How Many More Noisy Oversized Vehicle Mufflers Can Nevis Afford (Before They Drive Us All Crazy) ?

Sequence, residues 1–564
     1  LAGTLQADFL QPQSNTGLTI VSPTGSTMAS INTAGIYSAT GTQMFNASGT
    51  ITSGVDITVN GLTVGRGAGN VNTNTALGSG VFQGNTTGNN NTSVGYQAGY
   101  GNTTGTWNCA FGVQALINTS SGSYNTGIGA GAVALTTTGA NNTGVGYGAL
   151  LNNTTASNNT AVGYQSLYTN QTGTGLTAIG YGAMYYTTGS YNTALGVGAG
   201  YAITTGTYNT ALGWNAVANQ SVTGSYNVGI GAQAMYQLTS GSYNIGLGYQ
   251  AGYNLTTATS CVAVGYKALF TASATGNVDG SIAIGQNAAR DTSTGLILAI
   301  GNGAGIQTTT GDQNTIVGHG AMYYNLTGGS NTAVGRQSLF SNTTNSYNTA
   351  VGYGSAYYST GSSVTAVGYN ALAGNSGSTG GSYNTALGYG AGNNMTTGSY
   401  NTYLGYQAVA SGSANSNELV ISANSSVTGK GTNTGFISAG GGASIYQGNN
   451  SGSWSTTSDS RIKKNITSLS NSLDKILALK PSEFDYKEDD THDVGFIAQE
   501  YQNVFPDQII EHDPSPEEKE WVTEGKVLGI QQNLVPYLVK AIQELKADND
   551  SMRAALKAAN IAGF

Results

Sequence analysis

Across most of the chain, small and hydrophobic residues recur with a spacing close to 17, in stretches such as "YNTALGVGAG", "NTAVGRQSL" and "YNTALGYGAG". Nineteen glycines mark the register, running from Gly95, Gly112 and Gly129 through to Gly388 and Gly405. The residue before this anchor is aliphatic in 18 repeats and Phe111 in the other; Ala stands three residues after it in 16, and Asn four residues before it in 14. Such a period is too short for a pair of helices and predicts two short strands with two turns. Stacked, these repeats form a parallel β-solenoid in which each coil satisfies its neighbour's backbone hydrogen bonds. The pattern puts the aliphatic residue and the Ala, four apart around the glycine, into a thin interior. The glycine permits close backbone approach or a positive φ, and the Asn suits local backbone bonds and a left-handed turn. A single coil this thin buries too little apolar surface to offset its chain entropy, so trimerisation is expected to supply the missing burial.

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The topic that I will address in this article is one that I”m sure will resonate with a large section of the local population. There is a plague upon us-a plague that has already engulfed our previously peaceful and attractive island home, and is threatening to destroy the ambience that Nevis has boasted of for years. Simply put, it is this: There is a growing (maybe “exploding” is more like it) tendency for vehicle owners, to replace their mufflers with a bigger and more noisy variant. We see it every day-vehicles gunning up and down the country roads, through Charlestown, in front of the Police Stations, with huge mufflers protruding from the rear, and flooding all and sundry with unnecessary and unbearable noise. New vehicles, and 99.9% of all vehicles imported into Nevis, are equipped with mufflers that have a built in silencer, designed to reduce the volume of noise coming from the engine. There is a good reason for this. Vehicle manufacturers know that engine noise can be a bother to the average human being, and have done such a good job at dealing with this potential problem, that it is often a pleasure listen to the quiet purring of a well tuned engine. The advertisers have often picked on this, and have made the quietness of a vehicle’s engine a big selling point ” the quieter the better. Enter Nevis of 2008. The silencers are being removed in droves, with impunity, unchecked, unregulated, with no regard for the public. The traditional muffler serves the public well. It does not disturb, and as all vehicle owners know, it allows the vehicle to travel at great speed “” 100, 150 miles per hour, or whatever its maximum speed is ” with minimum noise. Most of the vehicles in the Federation are still equipped with this type of muffler. What then is the reason for this new trend? My mechanic advises that the big pulling point is “power”. The new design gives more power to the engine. It allows the vehicle to go faster. The by product, however, is more noise, a lot more noise. So there you have it. Nevis, lovely Nevis, only 36 square miles, with the road around the island not more than 20 miles long, where most, if not all, motor vehicles in use are designed to travel over 100 miles per hour. Yet more and more of them are being altered to give more power. No wonder that most of the cars traveling at breakneck speed up and down the island are these high powered vehicles which leave a loud booming noise in their wake. And the plague expands by the day–speed and noise! Reckless SPEED and ear shattering NOISE! Why is this being allowed to happen? I can’t think of any benefit to the island that will accrue from this new habit. It is not good for health. It causes unnecessary stress. It is not consistent with the high end tourism that we are trying to promote, and is more likely to scare visitors away. It disturbs a quiet conversation in the home, disrupts church services and other public events, (not to mention ruining a good night’s sleep), threatens the lives of pedestrians and other road users, and frightens the wits out of a lot of us. In short, it poses a huge threat to the environment. I think that it is time that the police, the government, and people in general take a serious look at this growing menace, and signal that enough is enough. It is a trend that is likely to bring more trouble to this little island than it has bargained for if steps are not taken immediately to curb it. The police don’t seem to notice these things, and as a result take no action-the reason why vehicle owners feel free to create what is after all, a public nuisance. This article is not about the new drag strip, but the government, once having provided a facility for those who love the sport of drag racing, must ensure that measures are in place to keep the drag racing culture off the streets. Most of the altered vehicles on the island do not participate in official races. They are mostly driven by ordinary young men going about their business, but who take advantage of a lack of regulation to do as they please. I would like to give my support to Amba Trott and his campaign against the explosion of noise on Nevis. He has focused mostly on loud music. I would like to add vehicle noise to the debate. It needs to be addressed in the proposed Noise Abatement Act 2008, with the requirement that all vehicles must be equipped with a silencer to limit engine noise, and this requirement should be enforced at the time of licensing. Police should have the authority to remove vehicles that don’t meet the requirement from the roads. Industrial vehicles should not be overlooked. Most of the trucks on the island go about their business with the minimum of fuss, but there are a few that create much too much noise. Come to think of it, a muffler with a built in silencer should be a basic requirement in an island where many people live along the roadways, and which gets a large part of its revenue from tourism. Let us add this all up. Thanks to the expansion of the market for re-used vehicles, almost everybody on Nevis now owns a vehicle. The government has provided new roads throughout the island, which unfortunately appeal to those who love to drive fast. Add to this the current proliferation of vehicles traveling at high speed, aided by overly noisy mufflers, and near total lack of regulation, and what you have is madness on the roads. It is time for the authorities to do something about vehicle noise on Nevis. We cannot afford to squander the island’s biggest and most valuable selling point so wantonly. And my concern is not only about the impact on our tourism product-there is a section of the local population that is sick and tired of what is happening. And so there is a question we have to face: how many more noisy mufflers can Nevis afford before they drive us all crazy?